Indeed, Sheen was quite a celebrated personality, even on a national level. In 1930, he launched “The Catholic Hour”, an NBC Sunday night radio show that endured for more than 20 years and attracted 4 million listeners each week.
Sheen’s weekly television show, “Live Worth Living” debuted on February 12, 1952 and was an immediate success. Within two months the show was broadcast on 15 stations, and by year’s end, he beat out Lucile Ball and Edward R. Murrow for an Emmy for Most Outstanding Television Personality.
The show lasted until April, 1957, and, at its peak, drew 30 millions viewers and at least 8,000 fan letters each week. Two television shows followed, along with an international cassette tape ministry, and, over his lifetime, Sheen penned 73 books.
Yet it is in central Illinois where Sheen’s legacy takes its deepest course. In El Paso, where Sheen was born in 1895, volunteers established the Archbishop Fulton John Sheen Spiritual Centre. It is situated in the Historic El Paso Train Depot, near the Fulton Sheen Birthplace memorial on Front Street.
At the Spalding Pastoral Center in Peoria, where Sheen attending high school, the diocese maintains The Archbishop Fulton J. Sheen Museum. Artifacts from the archbishop’s life are house in five collections, and include writings, books, photos and an ornate throne.
In response to the ceremony’s postponement, Jenky asked the dismayed faithful to join in a nine-day novena to “petition God unceasingly” that the cause to beatify and canonize Sheen move forward. The novena began with the Feast Day of Our Lady of Guadalupe on December 12, and was meant to “instill hope to all those saddened and disappointed by the delay announced so close to the expected beatification”.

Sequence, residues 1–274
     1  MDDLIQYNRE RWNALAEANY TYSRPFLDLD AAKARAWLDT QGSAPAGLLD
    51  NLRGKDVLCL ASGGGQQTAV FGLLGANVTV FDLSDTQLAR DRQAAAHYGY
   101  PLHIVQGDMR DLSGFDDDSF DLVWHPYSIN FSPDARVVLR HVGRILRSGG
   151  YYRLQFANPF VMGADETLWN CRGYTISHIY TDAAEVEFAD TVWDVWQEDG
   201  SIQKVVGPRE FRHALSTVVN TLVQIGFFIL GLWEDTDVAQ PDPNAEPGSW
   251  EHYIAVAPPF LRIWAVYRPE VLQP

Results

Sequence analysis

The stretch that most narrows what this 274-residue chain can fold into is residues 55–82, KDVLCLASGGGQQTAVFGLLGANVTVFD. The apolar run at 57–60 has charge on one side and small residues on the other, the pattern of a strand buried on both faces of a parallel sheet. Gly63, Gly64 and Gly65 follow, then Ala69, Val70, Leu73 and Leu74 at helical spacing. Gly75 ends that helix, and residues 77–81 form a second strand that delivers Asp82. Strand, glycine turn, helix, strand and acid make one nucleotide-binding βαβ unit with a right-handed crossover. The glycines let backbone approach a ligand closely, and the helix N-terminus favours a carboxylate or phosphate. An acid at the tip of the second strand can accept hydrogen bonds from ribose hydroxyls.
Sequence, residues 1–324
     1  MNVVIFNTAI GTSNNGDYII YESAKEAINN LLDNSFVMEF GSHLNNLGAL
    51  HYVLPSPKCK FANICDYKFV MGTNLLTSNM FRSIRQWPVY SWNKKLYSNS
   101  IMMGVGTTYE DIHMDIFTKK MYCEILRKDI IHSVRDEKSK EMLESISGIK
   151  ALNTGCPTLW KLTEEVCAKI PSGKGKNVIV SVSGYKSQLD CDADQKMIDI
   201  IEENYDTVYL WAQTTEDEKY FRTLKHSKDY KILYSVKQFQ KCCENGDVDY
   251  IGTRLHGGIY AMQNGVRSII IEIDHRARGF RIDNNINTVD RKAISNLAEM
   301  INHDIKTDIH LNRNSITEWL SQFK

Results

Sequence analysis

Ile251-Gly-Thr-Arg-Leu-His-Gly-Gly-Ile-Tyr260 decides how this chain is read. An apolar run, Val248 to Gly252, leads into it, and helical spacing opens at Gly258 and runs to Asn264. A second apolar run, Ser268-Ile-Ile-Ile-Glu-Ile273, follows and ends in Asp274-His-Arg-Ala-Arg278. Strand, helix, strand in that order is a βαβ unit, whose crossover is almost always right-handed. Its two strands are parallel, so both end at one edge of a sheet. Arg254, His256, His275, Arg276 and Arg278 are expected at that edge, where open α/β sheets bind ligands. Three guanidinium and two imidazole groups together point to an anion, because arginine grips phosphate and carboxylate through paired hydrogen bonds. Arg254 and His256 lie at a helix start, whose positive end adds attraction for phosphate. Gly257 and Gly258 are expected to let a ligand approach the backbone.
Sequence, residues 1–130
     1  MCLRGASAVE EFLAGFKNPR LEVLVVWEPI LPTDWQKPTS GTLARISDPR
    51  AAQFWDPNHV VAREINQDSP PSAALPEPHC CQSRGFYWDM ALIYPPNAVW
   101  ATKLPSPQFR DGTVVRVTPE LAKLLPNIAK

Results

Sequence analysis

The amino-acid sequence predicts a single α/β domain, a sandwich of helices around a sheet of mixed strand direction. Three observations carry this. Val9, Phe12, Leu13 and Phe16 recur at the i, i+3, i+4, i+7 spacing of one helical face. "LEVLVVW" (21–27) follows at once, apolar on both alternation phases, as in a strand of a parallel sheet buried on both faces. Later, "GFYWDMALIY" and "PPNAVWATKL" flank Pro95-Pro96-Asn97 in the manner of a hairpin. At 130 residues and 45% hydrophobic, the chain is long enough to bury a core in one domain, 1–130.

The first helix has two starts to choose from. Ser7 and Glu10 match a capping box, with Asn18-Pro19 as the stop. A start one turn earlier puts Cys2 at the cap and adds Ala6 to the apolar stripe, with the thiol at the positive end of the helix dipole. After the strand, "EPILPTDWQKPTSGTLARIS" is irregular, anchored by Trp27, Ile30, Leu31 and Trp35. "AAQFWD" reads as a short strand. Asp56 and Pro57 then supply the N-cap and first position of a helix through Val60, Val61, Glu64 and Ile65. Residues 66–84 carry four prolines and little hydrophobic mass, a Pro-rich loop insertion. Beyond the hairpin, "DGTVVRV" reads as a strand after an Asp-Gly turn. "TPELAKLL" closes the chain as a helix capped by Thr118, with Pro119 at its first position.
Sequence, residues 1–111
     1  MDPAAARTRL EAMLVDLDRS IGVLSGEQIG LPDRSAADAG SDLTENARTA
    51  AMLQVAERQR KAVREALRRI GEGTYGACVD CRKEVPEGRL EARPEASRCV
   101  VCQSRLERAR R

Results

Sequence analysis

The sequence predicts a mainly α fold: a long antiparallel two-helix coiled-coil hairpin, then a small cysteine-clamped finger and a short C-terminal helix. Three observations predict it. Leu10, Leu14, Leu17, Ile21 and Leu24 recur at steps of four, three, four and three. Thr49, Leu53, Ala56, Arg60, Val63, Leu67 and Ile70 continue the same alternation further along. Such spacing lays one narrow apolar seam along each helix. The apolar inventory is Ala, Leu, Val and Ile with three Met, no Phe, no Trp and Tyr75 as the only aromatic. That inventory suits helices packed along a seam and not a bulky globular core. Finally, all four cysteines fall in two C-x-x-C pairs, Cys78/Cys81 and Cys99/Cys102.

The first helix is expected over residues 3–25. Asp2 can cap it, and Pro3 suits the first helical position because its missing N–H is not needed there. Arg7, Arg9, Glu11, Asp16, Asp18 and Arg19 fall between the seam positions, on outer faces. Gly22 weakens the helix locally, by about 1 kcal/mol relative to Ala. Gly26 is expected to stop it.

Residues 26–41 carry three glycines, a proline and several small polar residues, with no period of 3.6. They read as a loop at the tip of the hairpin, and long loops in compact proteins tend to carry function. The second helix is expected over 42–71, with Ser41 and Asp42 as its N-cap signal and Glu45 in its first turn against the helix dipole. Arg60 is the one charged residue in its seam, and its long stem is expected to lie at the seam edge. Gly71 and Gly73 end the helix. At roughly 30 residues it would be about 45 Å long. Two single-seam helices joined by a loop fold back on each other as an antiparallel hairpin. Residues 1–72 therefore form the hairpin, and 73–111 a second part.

For those observing from the church’s perimeters, such grief may seem a bit melodramatic, and may best be understood through words of those who revere the man.
“You have blessed your church through the life and ministry of your faithful servant, Archbishop Fulton J. Sheen,” wrote a church member in a 2017 Facebook post. “(He) was a true instrument of the Holy Spirit in touching the hearts of countless people. If it be according to Your Will … we ask You to move the Church to proclaim him a saint.”
Many of the faithful became rooted in the belief that Sheen was worthy of canonization based on an act of faith made by two parents of a stillborn child.
On July 26, the Vatican Congregation for the Causes of Saints approved a miracle, as part of the beatification process. Sheen is considered responsible for the recovery of James Fulton Engstrom, a Washington infant who was born stillborn in his parent’s home in 2010. Engstrom’s parents prayed to Sheen to save the child, and were joined by others in prayer until the boy’s heart began breathing 61 minutes later.